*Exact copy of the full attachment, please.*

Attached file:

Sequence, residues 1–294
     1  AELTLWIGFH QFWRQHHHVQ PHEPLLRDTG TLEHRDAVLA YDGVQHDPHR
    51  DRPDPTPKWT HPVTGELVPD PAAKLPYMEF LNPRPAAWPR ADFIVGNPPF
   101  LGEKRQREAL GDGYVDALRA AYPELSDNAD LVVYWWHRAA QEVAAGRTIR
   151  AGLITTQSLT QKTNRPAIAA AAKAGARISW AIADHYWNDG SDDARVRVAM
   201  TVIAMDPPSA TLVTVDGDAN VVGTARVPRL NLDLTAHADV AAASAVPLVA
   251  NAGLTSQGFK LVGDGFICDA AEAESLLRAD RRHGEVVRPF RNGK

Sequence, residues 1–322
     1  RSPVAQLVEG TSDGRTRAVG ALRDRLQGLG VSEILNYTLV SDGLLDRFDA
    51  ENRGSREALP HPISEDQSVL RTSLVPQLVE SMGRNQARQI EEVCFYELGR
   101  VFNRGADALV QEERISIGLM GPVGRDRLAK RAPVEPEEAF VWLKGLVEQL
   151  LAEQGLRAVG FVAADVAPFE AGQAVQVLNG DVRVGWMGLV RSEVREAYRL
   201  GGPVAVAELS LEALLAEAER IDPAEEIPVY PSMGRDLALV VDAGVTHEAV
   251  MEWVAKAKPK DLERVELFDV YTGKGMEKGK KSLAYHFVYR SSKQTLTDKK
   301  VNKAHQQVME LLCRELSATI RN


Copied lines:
Sequence, residues 1–294
     1  AELTLWIGFH QFWRQHHHVQ PHEPLLRDTG TLEHRDAVLA YDGVQHDPHR
    51  DRPDPTPKWT HPVTGELVPD PAAKLPYMEF LNPRPAAWPR ADFIVGNPPF
   101  LGEKRQREAL GDGYVDALRA AYPELSDNAD LVVYWWHRAA QEVAAGRTIR
   151  AGLITTQSLT QKTNRPAIAA AAKAGARISW AIADHYWNDG SDDARVRVAM
   201  TVIAMDPPSA TLVTVDGDAN VVGTARVPRL NLDLTAHADV AAASAVPLVA
   251  NAGLTSQGFK LVGDGFICDA AEAESLLRAD RRHGEVVRPF RNGK

Sequence, residues 1–322
     1  RSPVAQLVEG TSDGRTRAVG ALRDRLQGLG VSEILNYTLV SDGLLDRFDA
    51  ENRGSREALP HPISEDQSVL RTSLVPQLVE SMGRNQARQI EEVCFYELGR
   101  VFNRGADALV QEERISIGLM GPVGRDRLAK RAPVEPEEAF VWLKGLVEQL
   151  LAEQGLRAVG FVAADVAPFE AGQAVQVLNG DVRVGWMGLV RSEVREAYRL
   201  GGPVAVAELS LEALLAEAER IDPAEEIPVY PSMGRDLALV VDAGVTHEAV
   251  MEWVAKAKPK DLERVELFDV YTGKGMEKGK KSLAYHFVYR SSKQTLTDKK
   301  VNKAHQQVME LLCRELSATI RN